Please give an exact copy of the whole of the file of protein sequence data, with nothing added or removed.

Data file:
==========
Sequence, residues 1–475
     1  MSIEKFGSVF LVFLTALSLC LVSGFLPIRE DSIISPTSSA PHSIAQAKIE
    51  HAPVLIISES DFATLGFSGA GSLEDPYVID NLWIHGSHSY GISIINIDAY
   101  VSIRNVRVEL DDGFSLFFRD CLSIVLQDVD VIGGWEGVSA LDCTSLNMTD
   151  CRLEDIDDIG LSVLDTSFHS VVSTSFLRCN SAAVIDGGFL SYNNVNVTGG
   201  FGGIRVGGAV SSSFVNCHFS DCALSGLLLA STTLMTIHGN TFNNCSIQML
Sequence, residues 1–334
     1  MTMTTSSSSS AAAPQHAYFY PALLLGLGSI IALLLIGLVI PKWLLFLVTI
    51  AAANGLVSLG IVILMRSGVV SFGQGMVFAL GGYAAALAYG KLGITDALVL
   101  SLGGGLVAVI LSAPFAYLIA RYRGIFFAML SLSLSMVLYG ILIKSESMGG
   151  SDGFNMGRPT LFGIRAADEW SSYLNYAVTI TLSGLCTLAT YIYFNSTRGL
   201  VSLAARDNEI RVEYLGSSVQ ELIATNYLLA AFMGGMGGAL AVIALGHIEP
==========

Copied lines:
Sequence, residues 1–475
     1  MSIEKFGSVF LVFLTALSLC LVSGFLPIRE DSIISPTSSA PHSIAQAKIE
    51  HAPVLIISES DFATLGFSGA GSLEDPYVID NLWIHGSHSY GISIINIDAY
   101  VSIRNVRVEL DDGFSLFFRD CLSIVLQDVD VIGGWEGVSA LDCTSLNMTD
   151  CRLEDIDDIG LSVLDTSFHS VVSTSFLRCN SAAVIDGGFL SYNNVNVTGG
   201  FGGIRVGGAV SSSFVNCHFS DCALSGLLLA STTLMTIHGN TFNNCSIQML
Sequence, residues 1–334
     1  MTMTTSSSSS AAAPQHAYFY PALLLGLGSI IALLLIGLVI PKWLLFLVTI
    51  AAANGLVSLG IVILMRSGVV SFGQGMVFAL GGYAAALAYG KLGITDALVL
   101  SLGGGLVAVI LSAPFAYLIA RYRGIFFAML SLSLSMVLYG ILIKSESMGG
   151  SDGFNMGRPT LFGIRAADEW SSYLNYAVTI TLSGLCTLAT YIYFNSTRGL
   201  VSLAARDNEI RVEYLGSSVQ ELIATNYLLA AFMGGMGGAL AVIALGHIEP